Orange snow has been falling in Eastern Europe - here’s why

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It may look like a phenomenon from Mars but orange snow has been spotted in Russia and other Eastern European countries.

The fact the white stuff has a sepia tinge has been baffling some. Katrin, who was snowboarding in Sochi, where the Winter Olympics were held in 2014, said “it was very unusual”.

Orange snow has fallen in parts of eastern Europe after a rare meeting of Siberia and the Sahara. (Margarita Alshina via AP)

Orange snow has fallen in parts of eastern Europe after a rare meeting of Siberia and the Sahara. (Margarita Alshina via AP)

What is orange snow?

Orange snow occurs when sand from the Sahara desert – known as Saharan dust – is blown up into the atmosphere and deposited elsewherel.

It then falls to the ground, mixing with the snow.

How does Saharan dust move?

Strong winds can blow dust and sand into the sky and then transport it in the direction it is travelling – sometimes thousands of miles, according to the Met Office.

However, it is very rare for the dust to mix with snow. “It looks as if it is real [from the photos] although possibly slightly exaggerated,” Martin Bowles, a meteorologist at the Met Office, told i.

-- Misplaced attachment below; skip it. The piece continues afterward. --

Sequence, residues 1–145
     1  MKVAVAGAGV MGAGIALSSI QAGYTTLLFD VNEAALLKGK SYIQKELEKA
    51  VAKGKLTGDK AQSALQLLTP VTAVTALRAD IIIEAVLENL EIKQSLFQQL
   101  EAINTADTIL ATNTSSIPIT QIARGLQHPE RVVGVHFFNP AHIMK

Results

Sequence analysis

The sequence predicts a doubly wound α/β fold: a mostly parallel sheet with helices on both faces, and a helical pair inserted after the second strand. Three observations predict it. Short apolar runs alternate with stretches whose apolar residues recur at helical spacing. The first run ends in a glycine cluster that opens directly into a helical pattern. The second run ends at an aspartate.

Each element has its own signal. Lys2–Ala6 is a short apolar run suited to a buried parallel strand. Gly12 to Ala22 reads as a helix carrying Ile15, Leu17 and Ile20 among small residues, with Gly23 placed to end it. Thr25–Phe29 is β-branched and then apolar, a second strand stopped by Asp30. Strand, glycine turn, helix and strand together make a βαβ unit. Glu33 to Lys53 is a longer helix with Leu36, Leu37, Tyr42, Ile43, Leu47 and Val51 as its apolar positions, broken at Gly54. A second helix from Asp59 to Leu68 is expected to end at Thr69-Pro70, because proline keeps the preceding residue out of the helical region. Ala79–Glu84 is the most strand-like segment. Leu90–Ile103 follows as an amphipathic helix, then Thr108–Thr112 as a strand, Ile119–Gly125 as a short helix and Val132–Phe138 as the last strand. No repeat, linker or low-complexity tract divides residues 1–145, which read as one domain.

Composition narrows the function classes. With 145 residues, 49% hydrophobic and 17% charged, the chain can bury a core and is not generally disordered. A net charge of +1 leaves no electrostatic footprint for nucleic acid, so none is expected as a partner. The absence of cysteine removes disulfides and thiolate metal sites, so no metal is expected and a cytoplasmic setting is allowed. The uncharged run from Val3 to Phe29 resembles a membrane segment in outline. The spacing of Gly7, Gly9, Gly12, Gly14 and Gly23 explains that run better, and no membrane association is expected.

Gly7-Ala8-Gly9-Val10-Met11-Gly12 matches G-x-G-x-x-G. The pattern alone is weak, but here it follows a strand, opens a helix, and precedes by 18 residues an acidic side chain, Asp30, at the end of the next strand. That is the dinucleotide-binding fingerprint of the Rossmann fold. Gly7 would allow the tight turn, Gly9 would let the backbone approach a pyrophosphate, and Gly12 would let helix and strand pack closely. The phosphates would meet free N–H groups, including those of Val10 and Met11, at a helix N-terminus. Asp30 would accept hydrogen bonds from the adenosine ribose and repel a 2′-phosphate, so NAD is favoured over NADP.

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“There is a lot of Saharan dust around the Mediterranean, [with some] stretching to southern parts of Russia. This dust has got mixed up with the snow so it looks orange on the surface. It’s mostly in Russia but has possibly affected some other European countries – it’s not particularly widespread.”

What is more common is for the Saharan dust to fall with rain – this can lead motorists to spot a layer of dust on their cars, said Mr Bowles.

“When the raindrops fall, they collect particles of dust on the way down. Then when the raindrops land on something and eventually evaporate, they leave behind a layer of dust,” according to the Met Office. This happens about once or twice a year in Europe.

Is Saharan dust a problem?

It is a form of pollution and will affect air levels. It can also have an impact on people’s breathing.

“You can get situations when the Saharan dust at low levels is sufficient to cause people with chronic respiratory problems to have extra problems than they usually would,” said Mr Bowles.

This story first appeared on our sister site iNews.